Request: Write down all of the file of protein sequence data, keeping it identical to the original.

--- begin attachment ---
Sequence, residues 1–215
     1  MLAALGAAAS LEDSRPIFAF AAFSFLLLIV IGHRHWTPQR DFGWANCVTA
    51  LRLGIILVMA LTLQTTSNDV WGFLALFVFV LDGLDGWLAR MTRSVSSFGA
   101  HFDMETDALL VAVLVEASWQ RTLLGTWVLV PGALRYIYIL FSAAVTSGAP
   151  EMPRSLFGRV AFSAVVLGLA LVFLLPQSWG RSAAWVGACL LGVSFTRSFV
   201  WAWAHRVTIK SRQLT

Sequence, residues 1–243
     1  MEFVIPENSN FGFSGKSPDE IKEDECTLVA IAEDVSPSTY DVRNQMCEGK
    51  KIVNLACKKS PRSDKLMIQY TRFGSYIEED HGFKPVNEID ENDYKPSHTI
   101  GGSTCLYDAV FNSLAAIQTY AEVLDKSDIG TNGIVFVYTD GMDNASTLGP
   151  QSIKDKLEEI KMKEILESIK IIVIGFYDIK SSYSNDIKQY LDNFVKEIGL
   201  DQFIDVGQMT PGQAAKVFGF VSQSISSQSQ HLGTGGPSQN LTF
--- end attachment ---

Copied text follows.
Sequence, residues 1–215
     1  MLAALGAAAS LEDSRPIFAF AAFSFLLLIV IGHRHWTPQR DFGWANCVTA
    51  LRLGIILVMA LTLQTTSNDV WGFLALFVFV LDGLDGWLAR MTRSVSSFGA
   101  HFDMETDALL VAVLVEASWQ RTLLGTWVLV PGALRYIYIL FSAAVTSGAP
   151  EMPRSLFGRV AFSAVVLGLA LVFLLPQSWG RSAAWVGACL LGVSFTRSFV
   201  WAWAHRVTIK SRQLT

Sequence, residues 1–243
     1  MEFVIPENSN FGFSGKSPDE IKEDECTLVA IAEDVSPSTY DVRNQMCEGK
    51  KIVNLACKKS PRSDKLMIQY TRFGSYIEED HGFKPVNEID ENDYKPSHTI
   101  GGSTCLYDAV FNSLAAIQTY AEVLDKSDIG TNGIVFVYTD GMDNASTLGP
   151  QSIKDKLEEI KMKEILESIK IIVIGFYDIK SSYSNDIKQY LDNFVKEIGL
   201  DQFIDVGQMT PGQAAKVFGF VSQSISSQSQ HLGTGGPSQN LTF